Hope Does Spring.
Good news, too, sparks hope. And good food fixes just about anything. Good food accelerates good causes, eases shy people's discomfort, bridges differences, deepens friendships. So on a bright, cold spring day, appreciation to DDF, who sent a story about The Stop Community Centre in Toronto, "that uses food to build hope and skills, and to reach out to those who need a meal, a hand and a voice. What was once a simple food bank is now a thriving, internationally respected Community Food Centre with gardens, kitchens, a greenhouse, farmers’ markets and a mission to revolutionize our food system."
This week, Random House Canada published The Stop: How the Fight for Good Food Transformed a Community and Inspired a Movement, by Nick Saul and Andrea Curtis. Marion Nestle praises it here.
Saul became executive director of The Stop in 1998, when, according to the online book blurb, "the little urban food bank was like thousands of other cramped, dreary, makeshift spaces, a last-hope refuge where desperate people could stave off hunger for one more day with a hamper full of canned salt, sugar and fat. The produce was wilted and the packaged foods were industry castoffs—mislabelled products and misguided experiments that no one wanted to buy. For users of the food bank, knowing that this was their best bet for a meal was a humiliating experience."
The new book traces The Stop's growth from a typical, uninspired feeding program to a thriving, inventive community food centre (as the Canadians spell it, bless their hearts.) For a hint of the scope of The Stop's work, here's the "What We Do" portion of The Stop's mission: "The Stop has two locations: at our main office at 1884 Davenport Road we provide frontline services to our community, including a drop-in, food bank, perinatal program, community action program, bake ovens and markets, community cooking, community advocacy, sustainable food systems education and urban agriculture. The Stop’s Green Barn, located in the Wychwood Barns at 601 Christie Street, is a sustainable food production and education centre which houses a state-of-the-art greenhouse, food systems education programs, a sheltered garden, our Global Roots Garden, community bake oven and compost demonstration centre."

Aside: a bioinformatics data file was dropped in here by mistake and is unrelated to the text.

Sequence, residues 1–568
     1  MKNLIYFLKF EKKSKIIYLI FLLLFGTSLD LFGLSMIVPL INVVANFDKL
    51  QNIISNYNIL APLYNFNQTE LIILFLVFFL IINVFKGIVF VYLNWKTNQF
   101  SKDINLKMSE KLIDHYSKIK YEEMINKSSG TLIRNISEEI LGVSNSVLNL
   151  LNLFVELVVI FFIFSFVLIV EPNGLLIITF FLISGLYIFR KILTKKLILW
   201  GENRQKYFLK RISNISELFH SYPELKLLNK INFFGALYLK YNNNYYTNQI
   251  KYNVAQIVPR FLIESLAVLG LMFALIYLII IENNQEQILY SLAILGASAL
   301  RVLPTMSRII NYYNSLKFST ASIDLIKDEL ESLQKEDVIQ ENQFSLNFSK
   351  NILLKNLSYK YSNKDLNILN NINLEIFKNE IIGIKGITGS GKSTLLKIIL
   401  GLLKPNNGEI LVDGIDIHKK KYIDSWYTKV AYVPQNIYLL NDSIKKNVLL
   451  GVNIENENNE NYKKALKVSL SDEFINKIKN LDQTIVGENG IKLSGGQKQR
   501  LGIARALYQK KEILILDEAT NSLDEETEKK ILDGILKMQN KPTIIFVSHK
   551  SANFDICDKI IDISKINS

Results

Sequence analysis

In addition, The Stop uses smart food and drink events to raise money for its work. A Summer Solstice Night Market in 2012 attracted a huge crowd to sample top (volunteer) chefs' creations. This event and others, including beer-based fund-raising (like West Sixth Brewing Company's monthly Sixth for a Cause events), and premium catering, raise enough funds to provide over 55,000 meals and engage 1,100 children in education programs, according to Jessica Allen, writing for Maclean's. It's wonderful to have examples of ways other cities are building sustainable food systems that, in the words of The Stop's mission statement, "increase access to healthy food in a manner that maintains dignity, builds health and community and challenges inequality."
Central Kentuckians may get ideas from about the power of integrating initiatives that exist in our region now, but usually operate as separate activities. Let's be in each others' kitchens, talking these things through.